Big family, massive business empire: How Luke Masamvu left a legacy for his 12 wives and 79 kids

Late Cde Luke Masamvu

IT was a Monday afternoon, about four years ago, when Luke Masamvu entered an internet cafe in central Marondera to print a letter to be delivered at a school.

Later, he showed the letter to this reporter. In it, the politician was asking school authorities to give him a discount on fees since he had more than 10 children enrolled at that learning institution (name withheld).

“Ndamboisa mari yakawanda pachikoro apa, ngavambondipawo discount (I have paid large amounts in school fees at this school, I need a discount),” Masamvu said in his usual Manyika dialect.

Such was his life.

A former Zanu PF MP for Mutasa North in Manicaland province, he died from COVID-19 at the age of 62 in January, 2021.

In the farming town of Marondera, Masamvu owned a popular thriving supermarket.

He had similar businesses in Bindura and Rusape, among other towns.

But, he was also known as a Superdad.

An apostolic sect leader, at the time of his death, Masamvu had 12 wives and 79 children.

He lived with his family at his plush residence in Marondera’s low-density suburb of Winstone Park.

His businesses, however, are thriving, with operations now in the hands of his lieutenant and nephew Phebion.

NewsDay Weekender spoke with a family member who preferred to remain anonymous.

Masamvu’s wives

At his death, some of Masamvu’s wives were younger than some of his children.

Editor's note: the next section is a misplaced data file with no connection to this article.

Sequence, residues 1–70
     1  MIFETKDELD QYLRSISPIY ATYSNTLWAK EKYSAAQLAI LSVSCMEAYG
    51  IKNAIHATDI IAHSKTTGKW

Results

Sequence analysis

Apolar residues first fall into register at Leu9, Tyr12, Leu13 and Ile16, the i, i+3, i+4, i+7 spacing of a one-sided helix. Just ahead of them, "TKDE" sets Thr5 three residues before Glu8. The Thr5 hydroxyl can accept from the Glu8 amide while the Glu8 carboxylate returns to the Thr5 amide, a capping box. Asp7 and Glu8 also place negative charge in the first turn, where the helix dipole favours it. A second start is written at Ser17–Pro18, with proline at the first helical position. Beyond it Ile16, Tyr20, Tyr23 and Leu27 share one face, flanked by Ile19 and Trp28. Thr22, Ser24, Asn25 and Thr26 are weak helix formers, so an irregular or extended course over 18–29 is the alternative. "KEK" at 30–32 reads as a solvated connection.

Many thought they would leave following his demise.

However, the family member told NewsDay Weekender that all of his wives were still at the home he left behind for them, and have not remarried.

Masamvu’s younger children are all at boarding schools, a feat he proudly boasted of during his lifetime.

“The children are all going to good schools as before, and those in university are still there. There is no change at all. The family is still intact,” the family member said.

Religious beliefs versus business

Those left behind to manage Masamvu’s business empire have been honouring his religious beliefs.

The businesses are closed on Saturdays, a special day of prayer for the apostolic faith followers.

This is despite the fact that most people visit the central business district at weekends, especially Saturday, to stock up on groceries.

Notable changes

During his lifetime, in the Marondera supermarket, the tills were mainly manned by female workers from his Johanne Marange apostolic sect.

A visit by NewsDay Weekender this week revealed that young men, though from the same sect, have taken over the till points.

Today, things appear to be running smoothly as ever, except for the absence of Masamvu’s giant frame and boisterous laughter.

The fact that his rather large family has remained intact while the vast business empire he left behind is running like a Swiss clock speaks of the discipline and single-mindedness he exhibited in life.

Could he be leading from the grave? That is a question to be answered someday.

— NewsDay

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